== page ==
How should I prepare for botulin toxin injections?
Make sure your healthcare provider has a current list of the medications and supplements you take. Certain medications increase the risk of bruising at the injection site. These include anticoagulants or blood thinners (Warfarin®) and nonsteroidal anti-inflammatory drugs (NSAIDs). Alcohol also makes you more prone to redness and bruising. Don’t drink for 24 hours before a procedure.
How are botulinum toxin injections performed?
Your healthcare provider uses a fine needle to inject small amounts of botulinum toxins into the treatment area. Depending on the problem, you may receive several injections in different spots. Here’s what else you need to know about the procedure:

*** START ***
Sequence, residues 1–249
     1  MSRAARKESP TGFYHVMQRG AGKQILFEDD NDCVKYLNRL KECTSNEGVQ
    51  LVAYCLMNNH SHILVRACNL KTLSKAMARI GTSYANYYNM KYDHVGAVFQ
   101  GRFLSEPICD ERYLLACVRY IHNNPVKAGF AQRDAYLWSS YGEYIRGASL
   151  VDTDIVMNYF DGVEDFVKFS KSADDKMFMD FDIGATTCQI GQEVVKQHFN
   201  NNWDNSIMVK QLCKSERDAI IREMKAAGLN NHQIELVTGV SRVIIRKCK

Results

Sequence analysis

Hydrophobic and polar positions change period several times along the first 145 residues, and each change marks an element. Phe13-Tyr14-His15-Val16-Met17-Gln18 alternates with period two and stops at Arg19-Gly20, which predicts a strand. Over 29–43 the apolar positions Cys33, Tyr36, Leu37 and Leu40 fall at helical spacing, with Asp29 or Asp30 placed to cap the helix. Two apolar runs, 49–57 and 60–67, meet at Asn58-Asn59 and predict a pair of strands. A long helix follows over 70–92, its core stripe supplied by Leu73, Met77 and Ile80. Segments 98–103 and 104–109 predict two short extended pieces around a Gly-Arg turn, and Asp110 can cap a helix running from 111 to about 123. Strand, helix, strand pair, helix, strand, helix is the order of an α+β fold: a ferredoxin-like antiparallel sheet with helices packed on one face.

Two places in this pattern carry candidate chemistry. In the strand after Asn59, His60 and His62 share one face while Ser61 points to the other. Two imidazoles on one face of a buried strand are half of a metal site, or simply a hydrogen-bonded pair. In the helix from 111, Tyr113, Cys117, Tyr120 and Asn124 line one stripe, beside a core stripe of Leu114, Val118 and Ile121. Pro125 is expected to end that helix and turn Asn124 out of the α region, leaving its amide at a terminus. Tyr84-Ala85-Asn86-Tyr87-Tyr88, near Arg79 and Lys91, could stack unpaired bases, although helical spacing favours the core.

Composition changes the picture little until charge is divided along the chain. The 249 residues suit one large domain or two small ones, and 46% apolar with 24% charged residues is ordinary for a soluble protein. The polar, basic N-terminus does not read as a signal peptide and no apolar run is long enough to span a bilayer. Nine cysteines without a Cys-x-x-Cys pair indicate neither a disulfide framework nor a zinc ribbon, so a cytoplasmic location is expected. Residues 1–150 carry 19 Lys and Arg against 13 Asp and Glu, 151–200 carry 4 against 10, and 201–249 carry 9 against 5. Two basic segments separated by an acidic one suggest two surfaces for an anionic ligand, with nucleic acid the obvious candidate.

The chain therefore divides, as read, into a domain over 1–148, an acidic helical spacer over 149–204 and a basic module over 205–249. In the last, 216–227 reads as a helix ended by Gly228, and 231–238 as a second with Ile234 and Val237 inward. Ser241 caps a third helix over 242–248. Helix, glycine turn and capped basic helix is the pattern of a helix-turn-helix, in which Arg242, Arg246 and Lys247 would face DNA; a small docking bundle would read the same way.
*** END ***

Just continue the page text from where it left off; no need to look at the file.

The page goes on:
- Outpatient procedure: Treatment takes place as an outpatient procedure. You go home the same day.
- Discomfort: The injections may sting and feel uncomfortable, but the procedure is over quickly. Some providers apply a topical numbing agent to the skin before giving injections.
- Anesthesia: If you’re receiving injections for an overactive bladder, you may receive local or regional anesthesia.
What should I do after getting botulinum toxin injections?
Unless your healthcare provider says otherwise, you can return to work or most activities after treatment. To reduce redness, swelling or bruising:
- Don’t rub or put pressure on the area for 12 hours.
- Stay upright (don’t lie down) for three to four hours.
- Avoid physical exertion for 24 hours.